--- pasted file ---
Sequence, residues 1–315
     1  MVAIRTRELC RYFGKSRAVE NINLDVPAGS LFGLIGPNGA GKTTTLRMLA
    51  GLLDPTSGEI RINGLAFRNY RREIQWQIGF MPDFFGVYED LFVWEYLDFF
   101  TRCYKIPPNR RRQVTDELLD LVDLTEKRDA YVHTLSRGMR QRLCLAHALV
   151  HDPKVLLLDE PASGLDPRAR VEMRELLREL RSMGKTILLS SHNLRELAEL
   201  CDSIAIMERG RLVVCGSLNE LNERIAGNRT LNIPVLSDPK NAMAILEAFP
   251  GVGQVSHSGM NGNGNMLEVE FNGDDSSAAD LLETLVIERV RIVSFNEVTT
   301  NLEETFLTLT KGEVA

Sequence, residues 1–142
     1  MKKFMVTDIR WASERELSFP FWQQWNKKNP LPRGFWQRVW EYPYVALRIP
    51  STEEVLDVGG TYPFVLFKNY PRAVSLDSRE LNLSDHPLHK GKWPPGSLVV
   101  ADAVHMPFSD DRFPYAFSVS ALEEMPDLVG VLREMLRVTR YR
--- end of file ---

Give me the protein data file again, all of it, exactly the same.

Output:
Sequence, residues 1–315
     1  MVAIRTRELC RYFGKSRAVE NINLDVPAGS LFGLIGPNGA GKTTTLRMLA
    51  GLLDPTSGEI RINGLAFRNY RREIQWQIGF MPDFFGVYED LFVWEYLDFF
   101  TRCYKIPPNR RRQVTDELLD LVDLTEKRDA YVHTLSRGMR QRLCLAHALV
   151  HDPKVLLLDE PASGLDPRAR VEMRELLREL RSMGKTILLS SHNLRELAEL
   201  CDSIAIMERG RLVVCGSLNE LNERIAGNRT LNIPVLSDPK NAMAILEAFP
   251  GVGQVSHSGM NGNGNMLEVE FNGDDSSAAD LLETLVIERV RIVSFNEVTT
   301  NLEETFLTLT KGEVA

Sequence, residues 1–142
     1  MKKFMVTDIR WASERELSFP FWQQWNKKNP LPRGFWQRVW EYPYVALRIP
    51  STEEVLDVGG TYPFVLFKNY PRAVSLDSRE LNLSDHPLHK GKWPPGSLVV
   101  ADAVHMPFSD DRFPYAFSVS ALEEMPDLVG VLREMLRVTR YR